Using the MsgBox Builder

msgbox code builder

The VBA MsgBox procedure is used in many ways to communicate with the end-user: it both informs the user, and allows the user to decide how to continue. The latter follows a fixed set of patterns in code which I will discuss first. It is here that the MsgBox Builder has its primary use for the programmer. I finish by showing how the user interface allows you in the most intuitive way specify the MsgBox arguments.

Code for different uses of the MsgBox

The above screenshot shows the MsgBox builder dialog where the user selects a most suitable use - corresponding to the constant select for the Buttons argument, e.g. vbAbortRetryIgnore. There are six such constants and the list box in the MsgBox Builder produces code that handles the 'scenario' you select. I will now present the code fragments that will be inserted for each use case.

msgbox code builder

Simple MsgBox call - vbOKOnly

MsgBox Buttons:=vbInformation, 
Prompt:="some information"

In the MsgBox call the Buttons:= value vbOKOnly is not mentioned because it is the default. It does however include vbInformation, which makes the 'Information' icon appear, telling the user the message's purpose to be informative only.

MsgBox - vbOKCancel

Select Case MsgBox(Buttons:=vbOKCancel + vbExclamation, 
Prompt:="some information")
Case vbOK

Case vbCancel
GoTo HandleExit
End Select

In the MsgBox call the Buttons:=vbOKCancel makes the Cancel button available. The message box now has two possible outcomes (type VbMsgBoxResult), the required action as indicated by the user by pressing one of the two buttons: vbOK or vbCancel The Select Case corresponginly has two branches: in Case vbOK the procedure continues, in Case vbCancel is followed by GoTo HandleExit which will jump to label HandleExit: at the end of the procedure. or replace the GoTo HandleExit by Exit Sub (or Function).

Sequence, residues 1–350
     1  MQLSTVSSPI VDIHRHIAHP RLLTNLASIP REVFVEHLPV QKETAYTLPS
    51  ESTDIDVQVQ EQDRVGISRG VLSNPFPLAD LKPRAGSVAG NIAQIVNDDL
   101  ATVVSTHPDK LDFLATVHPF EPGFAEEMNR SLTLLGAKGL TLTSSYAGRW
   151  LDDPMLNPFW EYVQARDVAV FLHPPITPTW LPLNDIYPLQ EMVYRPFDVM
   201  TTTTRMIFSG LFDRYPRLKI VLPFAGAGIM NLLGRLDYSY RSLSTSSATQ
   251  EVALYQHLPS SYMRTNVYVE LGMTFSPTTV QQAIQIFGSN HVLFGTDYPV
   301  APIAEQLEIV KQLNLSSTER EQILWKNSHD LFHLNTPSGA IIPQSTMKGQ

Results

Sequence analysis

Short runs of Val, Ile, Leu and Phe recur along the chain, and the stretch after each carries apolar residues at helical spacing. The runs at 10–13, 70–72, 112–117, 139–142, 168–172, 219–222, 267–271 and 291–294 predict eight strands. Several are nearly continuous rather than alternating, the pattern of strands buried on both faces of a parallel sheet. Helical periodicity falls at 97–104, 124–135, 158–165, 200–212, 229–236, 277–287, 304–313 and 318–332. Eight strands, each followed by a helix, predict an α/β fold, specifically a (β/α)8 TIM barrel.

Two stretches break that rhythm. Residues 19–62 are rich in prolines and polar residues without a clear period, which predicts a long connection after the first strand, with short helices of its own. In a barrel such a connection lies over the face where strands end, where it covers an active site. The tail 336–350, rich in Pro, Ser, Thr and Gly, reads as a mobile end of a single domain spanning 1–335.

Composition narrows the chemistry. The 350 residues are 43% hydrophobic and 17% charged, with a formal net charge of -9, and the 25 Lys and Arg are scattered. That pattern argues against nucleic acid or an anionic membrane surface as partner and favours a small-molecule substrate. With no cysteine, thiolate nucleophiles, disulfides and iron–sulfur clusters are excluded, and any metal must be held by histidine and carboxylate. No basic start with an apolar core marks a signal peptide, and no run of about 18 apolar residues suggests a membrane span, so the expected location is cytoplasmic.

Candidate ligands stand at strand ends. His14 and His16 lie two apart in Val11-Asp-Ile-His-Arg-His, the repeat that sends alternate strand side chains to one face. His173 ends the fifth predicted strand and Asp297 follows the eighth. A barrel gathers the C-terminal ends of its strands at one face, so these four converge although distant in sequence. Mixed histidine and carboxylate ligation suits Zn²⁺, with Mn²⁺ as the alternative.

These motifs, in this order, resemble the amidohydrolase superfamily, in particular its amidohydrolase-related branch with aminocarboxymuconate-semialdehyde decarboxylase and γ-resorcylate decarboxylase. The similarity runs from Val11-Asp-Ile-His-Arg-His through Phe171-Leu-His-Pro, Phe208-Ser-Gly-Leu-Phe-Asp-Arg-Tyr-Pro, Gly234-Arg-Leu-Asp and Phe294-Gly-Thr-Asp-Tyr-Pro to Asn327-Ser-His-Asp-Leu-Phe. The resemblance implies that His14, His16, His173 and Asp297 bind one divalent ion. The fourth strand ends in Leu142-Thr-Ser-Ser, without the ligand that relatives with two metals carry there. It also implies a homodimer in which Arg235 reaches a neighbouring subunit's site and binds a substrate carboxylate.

The extra + vbExclamation, which makes the 'Exclamation' icon appear, indicating to the user the message is not informative only, but requires a decision from his side: to proceed or not.

MsgBox - vbAbortRetryIgnore


Select Case MsgBox(Buttons:=vbAbortRetryIgnore + vbCritical, Prompt:="Appliance not found")
Case vbAbort
GoTo HandleExit
Case vbRetry
GoTo Retry
Case vbIgnore

End Select


This case is similar to the case above (vbOKCancel): vbAbort takes the place of vbCancel and vbIgnore that of vbOK. The current code adds a third branch: Case vbRetry. Here, the control flow is back to an earlier place in the code indicated by label Retry:. You will have to place the Retry: just before whatever you want to give another chance, e.g. entering a new Appliance name the program can look for in the database.

The extra + vbCritical, which makes the 'Critical issue' icon appear, indicating to the user has fix something lest he be able to proceed.

MsgBox - vbYesNoCancel, vbYesNo

Select Case MsgBox(Buttons:=vbYesNoCancel + vbExclamation, Prompt:="")
Case vbYes

Case vbNo

Case vbCancel
GoTo HandleExit
End Select


This case is similar to vbOKCancel, except for the additional branche Case vbNo, and the other use of the Buttons argument, and the resulting captions- Yes and No on them. Here, the builder has chosen to add vbExclamation bidding the user to make a conscious decision.

Selecting YesNo gives the simpler Select Case, without the extra Case vbCancel

Specifying Prompt, Icon, Title and default button

msgbox code builder

Finally, as the animation shows, the MsgBox builder lets you specify the other characteristics of your mmessage box visually. Check in the code area how the arguments are changed automatically when you make changes:

  1. enter your prompt text,
  2. change the icon,
  3. change the default text (the application name) in the title bar,
  4. select which button you want to be the preselected default.